Much of the argument and many of the insights that Paul Nathanson shares with readers of his Over the Rainbow: Secular Myths of America can be applied to the horror genre. Taking a leaf from Micea Eliade, Nathanson points out that the cosmos--the orderly system that originates from chaos as a result of divine creation--represents the “familiar world,” whereas chaos corresponds to the world of the unknown, which is inhabited by “ghosts, demons, and foreigners.” We can apply Nathanson’s observation, by way of Eliade, to the garden of Eden versus the great wilderness beyond it. Into the familiar world of the cosmos, Nathanson observes, the unknown can erupt, via kratophanies, hierophanies, and theophanies; the unknown, like the sacred, can also be repeated through myths and rituals. The sacred becomes a way of orienting a tribe or a nation, Nathanson states; it delineates that which is desirable by separating the sacred and the profane or the sacred and the secular.
There is always a sacred center to the world, Nathanson, echoing Eliade, points out. This center, the axis mundi, is often a “mountain, city, temple, palace,” or island, whereat are met heaven, earth, and hell. The revelation of the sacred is the revelation of the real.
The axis mundi need not number one; there can be several, or even many, of these sacred centers. As Nathanson points out, every spatial hierophany or consecrated space is “equivalent to a cosmology.” There are, after all, many sacred mountains, cities, temples, palaces, islands, groves, wells, hills, and other such centers of the sacred life. However, all such places have something in common, Nathanson says. In existential terms, they form a “sacred cycle in which cosmogonic events” are experienced anew from time to time “through the ritual reenactment of myths by which man recreates,” or repeats, “the act of creation” that is represented by the sacred calendar and year; these mystical rituals reenact the original creation of the gods.
In religion, to be real is to have meaning, Nathanson contends, and for a ritual act to have meaning, it must symbolically repeat its sacred, prototypical event, whether spatially or chronologically, since the cosmos is the prototype, or archetype, of reality itself. The harmony of the cosmos is desirable and to be embraced; the disharmony of chaos is undesirable and is to be rejected. Moreover, Nathanson observes, the cosmic interpretations of reality are both communal (Israel, the Church) and individual (the Jew, the Christian). This twofold character of the cosmos led the question of whether paradise is future and otherworldly or here and now.
According to Nathanson, the tension between these two possible understandings was never resolved, but has been allowed to enrich the concept of paradise, as does the possibility of one’s understanding it in either literal or figurative terms. For example, we can glimpse eternity from within time (before our own individual deaths) or paradise from within history (before the end of history). Indeed, as religious faith declines, utopias sometimes take the place of paradise, just as the idea of progress replaced the idea of providence, with destiny being seen as something better than, rather than a return to, the origins of things.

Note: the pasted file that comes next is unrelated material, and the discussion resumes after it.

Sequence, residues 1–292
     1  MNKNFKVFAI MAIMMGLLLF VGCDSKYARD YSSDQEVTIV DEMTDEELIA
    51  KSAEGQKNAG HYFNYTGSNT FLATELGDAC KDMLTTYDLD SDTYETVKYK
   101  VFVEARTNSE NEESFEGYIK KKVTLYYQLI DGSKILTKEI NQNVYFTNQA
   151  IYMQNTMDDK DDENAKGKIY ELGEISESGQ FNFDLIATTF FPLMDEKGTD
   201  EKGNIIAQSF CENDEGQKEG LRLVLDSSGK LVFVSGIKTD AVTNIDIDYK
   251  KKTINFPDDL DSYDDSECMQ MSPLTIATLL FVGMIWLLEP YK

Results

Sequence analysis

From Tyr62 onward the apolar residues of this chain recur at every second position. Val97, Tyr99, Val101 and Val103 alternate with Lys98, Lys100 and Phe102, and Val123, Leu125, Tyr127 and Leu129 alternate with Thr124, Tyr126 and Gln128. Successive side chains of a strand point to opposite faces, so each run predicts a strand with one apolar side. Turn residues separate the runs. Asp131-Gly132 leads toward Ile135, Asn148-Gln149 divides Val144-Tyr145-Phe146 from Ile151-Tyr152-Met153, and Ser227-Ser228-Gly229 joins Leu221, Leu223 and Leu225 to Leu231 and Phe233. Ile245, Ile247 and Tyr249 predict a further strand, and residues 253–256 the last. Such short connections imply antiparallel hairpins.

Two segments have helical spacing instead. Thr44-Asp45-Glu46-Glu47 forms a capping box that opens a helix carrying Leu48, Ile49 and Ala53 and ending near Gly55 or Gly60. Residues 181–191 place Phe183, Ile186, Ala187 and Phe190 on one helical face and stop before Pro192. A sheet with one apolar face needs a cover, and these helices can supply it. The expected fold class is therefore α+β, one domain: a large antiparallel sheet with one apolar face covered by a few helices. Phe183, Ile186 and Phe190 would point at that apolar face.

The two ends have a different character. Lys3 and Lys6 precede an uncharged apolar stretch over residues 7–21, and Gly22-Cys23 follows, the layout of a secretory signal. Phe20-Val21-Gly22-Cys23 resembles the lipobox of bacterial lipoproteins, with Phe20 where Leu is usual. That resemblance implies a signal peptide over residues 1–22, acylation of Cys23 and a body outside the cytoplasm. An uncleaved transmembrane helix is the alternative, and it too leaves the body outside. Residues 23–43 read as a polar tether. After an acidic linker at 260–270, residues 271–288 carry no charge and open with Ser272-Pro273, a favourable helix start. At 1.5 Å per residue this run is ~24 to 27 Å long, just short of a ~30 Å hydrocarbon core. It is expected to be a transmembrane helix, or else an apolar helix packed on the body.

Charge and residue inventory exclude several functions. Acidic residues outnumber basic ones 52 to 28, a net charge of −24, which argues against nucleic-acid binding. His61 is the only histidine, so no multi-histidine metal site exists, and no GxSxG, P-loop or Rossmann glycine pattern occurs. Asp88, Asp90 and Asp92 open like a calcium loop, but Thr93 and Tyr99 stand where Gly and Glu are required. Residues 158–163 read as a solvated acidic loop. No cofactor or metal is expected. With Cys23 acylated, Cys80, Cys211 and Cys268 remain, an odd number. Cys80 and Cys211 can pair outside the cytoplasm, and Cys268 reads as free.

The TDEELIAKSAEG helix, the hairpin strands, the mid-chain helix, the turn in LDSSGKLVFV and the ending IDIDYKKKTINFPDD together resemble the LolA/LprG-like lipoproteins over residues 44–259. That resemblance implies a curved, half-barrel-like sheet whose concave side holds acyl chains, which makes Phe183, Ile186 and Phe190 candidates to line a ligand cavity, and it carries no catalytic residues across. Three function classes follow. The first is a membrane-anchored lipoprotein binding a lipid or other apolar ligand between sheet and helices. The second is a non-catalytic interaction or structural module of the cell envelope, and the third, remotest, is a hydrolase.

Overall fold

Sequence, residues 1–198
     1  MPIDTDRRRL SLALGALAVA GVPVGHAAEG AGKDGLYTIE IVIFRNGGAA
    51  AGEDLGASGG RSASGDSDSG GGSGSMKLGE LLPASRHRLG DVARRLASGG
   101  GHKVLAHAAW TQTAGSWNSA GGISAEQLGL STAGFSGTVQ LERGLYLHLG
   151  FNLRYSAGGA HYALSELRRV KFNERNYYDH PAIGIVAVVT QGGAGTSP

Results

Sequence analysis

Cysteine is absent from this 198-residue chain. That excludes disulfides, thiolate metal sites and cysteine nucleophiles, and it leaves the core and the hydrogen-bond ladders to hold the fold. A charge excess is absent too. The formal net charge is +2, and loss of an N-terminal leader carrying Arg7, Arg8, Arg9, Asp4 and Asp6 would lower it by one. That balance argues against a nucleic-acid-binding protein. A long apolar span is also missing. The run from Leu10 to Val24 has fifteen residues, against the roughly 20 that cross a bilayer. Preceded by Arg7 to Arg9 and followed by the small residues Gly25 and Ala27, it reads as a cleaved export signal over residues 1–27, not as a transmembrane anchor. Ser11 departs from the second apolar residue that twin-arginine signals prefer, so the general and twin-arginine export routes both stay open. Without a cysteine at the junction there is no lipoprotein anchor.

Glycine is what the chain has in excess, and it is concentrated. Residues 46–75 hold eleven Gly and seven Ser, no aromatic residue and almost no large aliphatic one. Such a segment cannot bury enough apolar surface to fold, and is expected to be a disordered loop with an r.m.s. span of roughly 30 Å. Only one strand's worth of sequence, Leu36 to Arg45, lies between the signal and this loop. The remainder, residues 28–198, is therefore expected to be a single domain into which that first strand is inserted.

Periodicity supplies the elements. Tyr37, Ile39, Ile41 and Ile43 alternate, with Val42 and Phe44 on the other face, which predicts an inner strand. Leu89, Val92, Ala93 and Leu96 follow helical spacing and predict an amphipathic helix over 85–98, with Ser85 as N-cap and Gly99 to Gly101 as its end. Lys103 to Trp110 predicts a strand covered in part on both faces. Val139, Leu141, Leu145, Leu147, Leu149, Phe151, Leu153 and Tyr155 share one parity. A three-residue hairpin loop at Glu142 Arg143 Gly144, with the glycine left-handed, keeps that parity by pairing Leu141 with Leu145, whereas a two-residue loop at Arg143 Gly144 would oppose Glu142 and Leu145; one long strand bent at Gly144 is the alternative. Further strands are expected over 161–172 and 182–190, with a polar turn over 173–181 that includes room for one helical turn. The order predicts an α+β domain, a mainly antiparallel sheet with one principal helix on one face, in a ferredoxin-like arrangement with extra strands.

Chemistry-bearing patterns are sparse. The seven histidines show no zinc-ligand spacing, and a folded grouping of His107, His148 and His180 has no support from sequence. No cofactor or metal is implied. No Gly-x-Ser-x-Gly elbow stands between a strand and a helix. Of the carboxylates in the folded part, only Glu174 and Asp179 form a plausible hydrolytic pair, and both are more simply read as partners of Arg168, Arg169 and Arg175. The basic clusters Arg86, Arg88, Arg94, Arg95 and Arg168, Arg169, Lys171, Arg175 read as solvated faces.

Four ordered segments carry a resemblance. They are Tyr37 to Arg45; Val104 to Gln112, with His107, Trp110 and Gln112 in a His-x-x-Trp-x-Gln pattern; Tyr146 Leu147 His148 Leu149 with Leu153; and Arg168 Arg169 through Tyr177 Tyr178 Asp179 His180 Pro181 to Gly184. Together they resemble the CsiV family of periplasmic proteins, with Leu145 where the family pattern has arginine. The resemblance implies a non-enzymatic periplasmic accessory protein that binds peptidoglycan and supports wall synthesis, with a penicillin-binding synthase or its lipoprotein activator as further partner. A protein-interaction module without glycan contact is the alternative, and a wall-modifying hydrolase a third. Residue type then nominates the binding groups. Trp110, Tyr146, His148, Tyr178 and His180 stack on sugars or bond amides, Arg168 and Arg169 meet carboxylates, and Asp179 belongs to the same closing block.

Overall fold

By definition, the city, in ancient times, was a walled enclosure, and by including some persons and things, it also excluded others. That which was within the walls was part of the sacred place, paradise. That which was without the walls was part of the secular or the profane world, and, as such, was, as it were, exiled, condemned, or damned. With this understanding before us, it is easy to comprehend why Nathaniel exercised such passionate devotion in the rebuilding of Jerusalem’s walls following his return from the Israelites’ dispersal into Babylon.
The difference, Nathanson says, between paradise lost and paradise regained is the snake: in the former, it is present; in the latter, it is absent.
In horror fiction, these themes are often invoked, whether overtly or symbolically. There is the sacred center, or axis mundi; myths and rituals, or their equivalents; and an orientation toward that which is valued and that which is devalued; there is inclusion, and there is exclusion. For example, we can also apply this concept to Heorot, the hall of Danish fellowship, and to the wilderness, inhabited by the monstrous, outcast Grendel that lay beyond its walls. Likewise, think of Eden, Jerusalem, or, for that matter, Yggsdrasil or the Hellmouth. Just as Grendel and his mother (and, later, the dragon) are alive and well in the fallen world of the Danes’ Heorot (and, later, in Beowulf’s own realm), they are absent in these regained versions of these sacred centers. They have been not banished or exiled, but destroyed, just as, in Buffy, the Hellmouth is destroyed (although, as it turns out, there is another elsewhere).
Paradise shifts from the garden to the Promised Land to the frontier, Nathanson points out, and is, at present “located. . . in outer space.” It is also invaded, or overrun, for a time, and is abandoned in favor of a new paradise or until the pilgrims’ return. The interval of the sojourn is one of maturation if not, indeed, perfection, so that, as the sojourners move into a new paradise or return to their home, it is they, not the sacred center, that has changed. They have become the home that they sought elsewhere, sinners become saints, just as Beowulf earned immortality by his heroic deeds or Buffy passed her powers to hundreds of other “potential” slayers.